It’s Mid-March now; typically, this time of year, we see many signs of Spring as Spring Break approaches more daylight, warm temperatures sweep in, and wildlife emerges. But with all of this snow, it’s no wonder we all feel winter will be a little longer this season. Despite what season may be upon us, recreating responsibly is the only way to enjoy the trails in this magnificent place. So here is a friendly reminder the next time you hit those winter trails…

Responsible Nordic Skiing Looks Like This..

Responsible Nordic Skiing Looks Like This.. Leave No Trace

Leave No Trace

Let’s respect the lands we love by picking up after our dogs and carrying out our garbage.

  • Poop waste contributes nutrients and pathogens to surface water, causing problems such as algae bloom and illnesses that harm people, pets, and wildlife (Mountain Neighbor Handbook)
  • The “Poop Fairies” reminds us (in the video below) that we can deepen our impact by picking up another bag as we return to the trash can at the end of the trail.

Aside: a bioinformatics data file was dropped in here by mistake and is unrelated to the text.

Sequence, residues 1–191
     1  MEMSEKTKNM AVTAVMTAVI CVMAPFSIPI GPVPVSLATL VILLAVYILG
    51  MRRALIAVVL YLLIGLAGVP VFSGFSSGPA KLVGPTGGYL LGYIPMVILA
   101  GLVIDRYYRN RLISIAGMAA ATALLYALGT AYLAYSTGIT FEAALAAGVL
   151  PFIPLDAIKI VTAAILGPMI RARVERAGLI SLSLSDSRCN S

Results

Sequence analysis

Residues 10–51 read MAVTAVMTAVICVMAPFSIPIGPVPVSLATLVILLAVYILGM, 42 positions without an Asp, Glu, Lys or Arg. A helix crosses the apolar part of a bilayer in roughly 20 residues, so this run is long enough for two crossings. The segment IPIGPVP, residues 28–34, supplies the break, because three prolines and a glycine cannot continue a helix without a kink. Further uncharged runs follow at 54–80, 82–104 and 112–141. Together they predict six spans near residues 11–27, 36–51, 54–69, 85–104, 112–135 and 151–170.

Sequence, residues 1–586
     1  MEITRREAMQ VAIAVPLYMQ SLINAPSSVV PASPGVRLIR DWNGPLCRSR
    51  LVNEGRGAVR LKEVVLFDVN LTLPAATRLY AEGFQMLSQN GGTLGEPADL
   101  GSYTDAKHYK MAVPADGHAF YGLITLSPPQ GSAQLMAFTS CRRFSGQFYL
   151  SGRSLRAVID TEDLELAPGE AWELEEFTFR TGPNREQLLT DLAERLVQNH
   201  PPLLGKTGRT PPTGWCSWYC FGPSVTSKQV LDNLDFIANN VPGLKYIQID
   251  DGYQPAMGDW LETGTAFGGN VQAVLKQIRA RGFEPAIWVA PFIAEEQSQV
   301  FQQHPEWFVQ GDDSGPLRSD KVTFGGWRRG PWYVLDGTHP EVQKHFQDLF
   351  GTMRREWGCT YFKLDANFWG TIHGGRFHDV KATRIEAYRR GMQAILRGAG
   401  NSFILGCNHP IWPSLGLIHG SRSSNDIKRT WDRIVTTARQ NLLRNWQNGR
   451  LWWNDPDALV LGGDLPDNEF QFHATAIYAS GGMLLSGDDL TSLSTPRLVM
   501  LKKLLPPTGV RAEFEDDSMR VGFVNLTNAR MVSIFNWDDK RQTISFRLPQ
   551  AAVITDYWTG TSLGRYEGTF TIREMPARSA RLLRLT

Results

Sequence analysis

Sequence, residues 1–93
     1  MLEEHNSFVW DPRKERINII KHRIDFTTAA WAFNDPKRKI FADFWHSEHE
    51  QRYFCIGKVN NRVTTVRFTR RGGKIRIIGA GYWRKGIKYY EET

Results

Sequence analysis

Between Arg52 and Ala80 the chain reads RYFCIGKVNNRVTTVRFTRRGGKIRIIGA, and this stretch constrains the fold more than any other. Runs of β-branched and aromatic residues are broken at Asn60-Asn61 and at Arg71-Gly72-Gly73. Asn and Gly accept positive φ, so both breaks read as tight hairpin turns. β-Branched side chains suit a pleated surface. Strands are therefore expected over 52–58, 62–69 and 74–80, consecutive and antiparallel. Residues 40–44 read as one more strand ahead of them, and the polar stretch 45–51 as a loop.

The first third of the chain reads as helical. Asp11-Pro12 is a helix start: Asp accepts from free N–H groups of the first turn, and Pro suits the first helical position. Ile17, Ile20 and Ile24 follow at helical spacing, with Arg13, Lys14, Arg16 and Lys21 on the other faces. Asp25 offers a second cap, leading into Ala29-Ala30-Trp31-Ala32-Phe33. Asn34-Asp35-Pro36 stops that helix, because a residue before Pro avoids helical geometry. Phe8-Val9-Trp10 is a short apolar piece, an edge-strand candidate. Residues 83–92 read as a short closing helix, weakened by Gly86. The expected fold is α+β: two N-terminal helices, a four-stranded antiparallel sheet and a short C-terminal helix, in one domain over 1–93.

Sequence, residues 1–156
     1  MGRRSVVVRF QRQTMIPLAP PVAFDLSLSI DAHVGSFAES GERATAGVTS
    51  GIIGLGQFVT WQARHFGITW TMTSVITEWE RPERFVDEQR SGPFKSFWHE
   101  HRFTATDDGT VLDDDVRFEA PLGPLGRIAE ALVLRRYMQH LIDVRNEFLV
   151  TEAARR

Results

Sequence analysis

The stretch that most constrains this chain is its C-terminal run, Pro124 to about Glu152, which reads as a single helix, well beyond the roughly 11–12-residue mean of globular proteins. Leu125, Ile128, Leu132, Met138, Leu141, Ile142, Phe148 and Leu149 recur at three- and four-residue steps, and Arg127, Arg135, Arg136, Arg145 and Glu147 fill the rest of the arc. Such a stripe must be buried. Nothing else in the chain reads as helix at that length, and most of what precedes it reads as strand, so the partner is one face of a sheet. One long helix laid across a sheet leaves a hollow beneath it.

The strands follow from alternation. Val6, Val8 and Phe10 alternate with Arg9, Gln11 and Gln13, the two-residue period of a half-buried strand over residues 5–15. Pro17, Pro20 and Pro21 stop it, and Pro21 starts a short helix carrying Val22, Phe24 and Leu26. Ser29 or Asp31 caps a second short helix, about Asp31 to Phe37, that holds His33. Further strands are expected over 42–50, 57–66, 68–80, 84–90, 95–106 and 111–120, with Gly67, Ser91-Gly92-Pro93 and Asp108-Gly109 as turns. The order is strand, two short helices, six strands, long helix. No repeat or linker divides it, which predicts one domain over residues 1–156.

Know Before You Go

Plan your trip responsibly by considering the weather, snow, and terrain. Ensure you know the regulations or closures of the trails you hoped to explore. Know whether your dog is welcome to join in the adventure too.

Use for smooth trip planning:

In Case of an Emergency

Speaking of Know Before You Go, have you read our “Who You Gonna Call” article about when you are in the backcountry and need help? Solid advice straight from the rescuers themselves, Teton County Search and Rescue: Download BackCountry SOS app on your smartphone now!

Responsible Nordic Skiing Looks Like This.. Know Before You Go

Some tips to consider:

Time of day is crucial to a good crust cruising session. It needs to be the first part of the day, around 9-12, before the snow warms up too much and get sticky. If it’s slushy, don’t go – this will ruin the terrain for everyone. 

Crust Cruising in the Spring’s Jim Woodmency captures the essence of spring corn skiing – (aka crust skiing for Nordic skiers!). Weather, temps, sun, melt vs. freeze cycle, elevation, aspect, and timing all play a key role in getting it just right. In his article in the JH News & Guide, Woodmency details the recipe for predicting corn skiing weather.

Read more about how to recreate responsibly in the spring skiing conditions in the JH News & Guide article Mountainside: Don’t ski the slush, and don’t bike the mud.

GIVEAWAY: Share your JH Outdoor Adventure

We realize that now more than ever having a chance to be outside and enjoy in the fresh air is so important for everyone. Jackson Hole Nordic Alliance strives to encourage the whole family to get outside, have fun and be safe. Your storytelling enriches our community.

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